Put another way, if you “ask to the wrong bit of the brain,” you’re not heard as a mediator and you’re not connecting in the way you need to.

“This is why mediators need to be skilled empathic listeners.”

Returning to neuroscience, it’s the prefrontal cortex that grounds us in relationship with each other—from attuning to those around you, and experiencing empathy, through to creating a capacity for insight and moral thinking.

“This is what we do as mediators. We connect with. We synthesize it all, put our own positive spin on it, and then send it back. In other words, we shepherd our clients through the prefrontal cortex.”

Scientist Geoffrey Schwartz says:

“When a person changes their interpretation of the information or situation and changes the way they focus attention in adaptive ways, this will change their brain [sic].”

This is what the mediator seeks to accomplish with clients.

Think of it as brain plasticity—the ability of the brain to change through learning.

“I stopped giving myself hell when clients were saying the same thing for the 15 millionth time. They’ve been telling them this story for the last 5 years. Me asking one wonderful question isn’t going to change that.

“So I try to get inside that story, create a little crack, and give them time to reflect. Or help them check out the accuracy of their assumptions.

“Neurons that wire together, fire together. Repeating a behavior strengthens it.”

Speaker 2

Training Mediators

“As mediators, the instinctive brain also rules. We all know that should be peacemakers. That we should listen. But what happens is we have these moments where that goes out the window and anxiety (a primal state) takes over.

“We need to bring our training to a point where mediators have the capacity to come through that.

“Let’s look at it this way.

“We begin as novices, turn into apprentices, and then go from master to artist, or some combination. We go into a place where we have a ‘flow.’

“So when we create a training program, we bring people through these stages. If we see this from a performance perspective—that they’re doing mediation in critical stages, like a violinist on stage—it’s a helpful outlook on the training process.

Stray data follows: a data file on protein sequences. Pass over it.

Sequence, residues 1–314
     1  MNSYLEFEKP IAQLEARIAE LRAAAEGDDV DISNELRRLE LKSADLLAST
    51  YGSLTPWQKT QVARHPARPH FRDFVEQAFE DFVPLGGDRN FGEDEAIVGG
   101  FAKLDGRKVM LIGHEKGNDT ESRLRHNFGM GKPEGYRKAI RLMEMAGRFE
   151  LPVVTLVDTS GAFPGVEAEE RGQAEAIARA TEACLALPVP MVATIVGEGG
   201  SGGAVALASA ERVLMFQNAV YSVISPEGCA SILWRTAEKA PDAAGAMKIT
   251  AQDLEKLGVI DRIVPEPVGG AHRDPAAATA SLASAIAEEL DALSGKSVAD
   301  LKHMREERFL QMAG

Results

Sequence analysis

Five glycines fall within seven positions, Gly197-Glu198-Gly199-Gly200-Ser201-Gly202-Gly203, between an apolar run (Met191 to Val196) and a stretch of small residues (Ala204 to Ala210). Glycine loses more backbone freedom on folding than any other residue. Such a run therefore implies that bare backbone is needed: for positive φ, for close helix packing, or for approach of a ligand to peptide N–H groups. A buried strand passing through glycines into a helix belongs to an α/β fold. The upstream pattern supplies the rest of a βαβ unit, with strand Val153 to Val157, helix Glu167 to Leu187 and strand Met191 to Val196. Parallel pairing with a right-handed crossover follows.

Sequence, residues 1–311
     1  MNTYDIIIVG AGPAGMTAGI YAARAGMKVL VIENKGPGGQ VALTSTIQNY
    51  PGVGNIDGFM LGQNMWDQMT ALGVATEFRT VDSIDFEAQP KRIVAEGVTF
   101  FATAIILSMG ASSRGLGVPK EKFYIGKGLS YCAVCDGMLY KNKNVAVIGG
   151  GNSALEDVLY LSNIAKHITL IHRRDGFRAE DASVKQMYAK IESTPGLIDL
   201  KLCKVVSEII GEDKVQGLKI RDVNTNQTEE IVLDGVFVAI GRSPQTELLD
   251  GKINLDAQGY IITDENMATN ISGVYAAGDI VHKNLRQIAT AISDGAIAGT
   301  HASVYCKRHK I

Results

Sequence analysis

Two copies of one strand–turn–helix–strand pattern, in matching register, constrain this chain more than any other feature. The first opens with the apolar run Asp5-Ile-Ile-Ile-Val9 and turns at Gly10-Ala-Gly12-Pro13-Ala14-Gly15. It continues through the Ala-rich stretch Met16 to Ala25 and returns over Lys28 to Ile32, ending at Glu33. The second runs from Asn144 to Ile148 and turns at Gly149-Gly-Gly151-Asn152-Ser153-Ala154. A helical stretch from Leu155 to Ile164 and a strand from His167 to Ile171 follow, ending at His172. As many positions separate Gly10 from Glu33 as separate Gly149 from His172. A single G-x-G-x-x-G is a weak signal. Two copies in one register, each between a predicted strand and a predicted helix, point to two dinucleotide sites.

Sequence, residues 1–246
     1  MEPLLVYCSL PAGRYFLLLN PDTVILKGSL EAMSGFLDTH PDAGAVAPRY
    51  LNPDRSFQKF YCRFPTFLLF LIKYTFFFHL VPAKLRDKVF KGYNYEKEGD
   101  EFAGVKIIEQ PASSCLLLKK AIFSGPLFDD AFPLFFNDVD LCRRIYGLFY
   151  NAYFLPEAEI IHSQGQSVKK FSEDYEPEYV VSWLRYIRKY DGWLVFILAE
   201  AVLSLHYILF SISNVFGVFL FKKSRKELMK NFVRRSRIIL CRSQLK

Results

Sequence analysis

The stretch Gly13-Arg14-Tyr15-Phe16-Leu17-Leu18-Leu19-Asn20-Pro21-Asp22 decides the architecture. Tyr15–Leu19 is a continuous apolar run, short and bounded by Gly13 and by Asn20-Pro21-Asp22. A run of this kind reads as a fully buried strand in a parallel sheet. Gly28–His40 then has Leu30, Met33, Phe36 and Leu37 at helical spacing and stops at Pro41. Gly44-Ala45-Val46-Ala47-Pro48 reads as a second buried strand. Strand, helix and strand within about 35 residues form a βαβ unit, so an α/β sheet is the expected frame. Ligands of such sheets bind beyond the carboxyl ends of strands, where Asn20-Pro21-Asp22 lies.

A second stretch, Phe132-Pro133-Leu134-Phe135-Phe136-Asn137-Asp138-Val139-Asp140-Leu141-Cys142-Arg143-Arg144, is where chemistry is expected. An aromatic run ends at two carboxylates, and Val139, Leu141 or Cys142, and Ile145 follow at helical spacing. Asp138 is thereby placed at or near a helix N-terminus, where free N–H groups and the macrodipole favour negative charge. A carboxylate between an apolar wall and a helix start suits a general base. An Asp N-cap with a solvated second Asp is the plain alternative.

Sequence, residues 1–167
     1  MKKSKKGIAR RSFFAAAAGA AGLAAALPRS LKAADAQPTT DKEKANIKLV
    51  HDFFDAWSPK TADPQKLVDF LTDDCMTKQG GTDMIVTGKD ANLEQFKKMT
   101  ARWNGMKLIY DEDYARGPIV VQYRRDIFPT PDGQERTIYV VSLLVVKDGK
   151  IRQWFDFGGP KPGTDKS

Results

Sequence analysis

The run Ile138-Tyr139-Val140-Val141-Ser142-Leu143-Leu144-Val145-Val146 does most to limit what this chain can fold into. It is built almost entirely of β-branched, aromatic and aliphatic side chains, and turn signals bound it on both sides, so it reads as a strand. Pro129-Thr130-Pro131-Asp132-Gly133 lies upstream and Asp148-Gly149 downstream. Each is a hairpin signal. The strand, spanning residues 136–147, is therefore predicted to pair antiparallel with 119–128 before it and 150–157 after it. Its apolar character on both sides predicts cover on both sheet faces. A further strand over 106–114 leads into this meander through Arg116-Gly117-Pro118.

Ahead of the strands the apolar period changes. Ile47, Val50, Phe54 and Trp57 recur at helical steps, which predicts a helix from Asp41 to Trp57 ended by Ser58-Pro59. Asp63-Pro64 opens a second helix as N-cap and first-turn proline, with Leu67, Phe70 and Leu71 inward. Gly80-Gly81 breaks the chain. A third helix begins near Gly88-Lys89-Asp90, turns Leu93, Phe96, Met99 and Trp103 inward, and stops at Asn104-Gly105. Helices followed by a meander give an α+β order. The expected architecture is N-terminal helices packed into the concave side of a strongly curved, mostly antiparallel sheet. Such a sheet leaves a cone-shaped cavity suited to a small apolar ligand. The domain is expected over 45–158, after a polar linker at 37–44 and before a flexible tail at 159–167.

“You can help somebody learn how to be nervous and still perform.

“There are people on my client list I struggle with as a mediator because I don’t get them. That’s a crisis of performance. So in training, we need to look at that perspective.

“An elite performer understands what they’re trying to move towards. So when we’re training mediators, what we’re seeing is people who may have good skills, like interviewing, but his or her intent isn’t on-task.

“It’s important to ask, what is it you want to understand about conflict as a mediator—why are you in the room? That’s critical to move from the apprentice stage to the master or artist stage.

“Skills are the ‘engine room’ of training.  As golfer Arnold Palmer said, ‘The more I practice, the luckier I get.’

This is what we need to start thinking about, as we break down the training process.

The key is to break skills into components. Move away from the role play. Instead, help your mediators build a capacity to listen, to use language differently, and to reframe.

(Reframing is the process of taking statements, questions, etc., and using different language to reflect the core beliefs expressed in a new way, using new language – and in a way that strips away the conflict, negative, or “toxic” aspects of the original statement.)

You’re aiming, through skill-building, to get to unconscious competence.

What we’re really training people to do is to work in the room with their people as themselves, rather than holding onto their process at all costs.

And remember: Once is not enough. You need to repeat the exercises, like learning to reframe. That’s the road to developing competence and eventually, mastery.

When you’re looking at integrating intention into skills, we must attend to the hours of real practice.


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  1. […] a word, it’s a way of life.’In some ways, all of the above could be referred to as “changing the dance of conflict.” The old adage that it “takes two to Tango” applies world-threatening conflicts as much as […]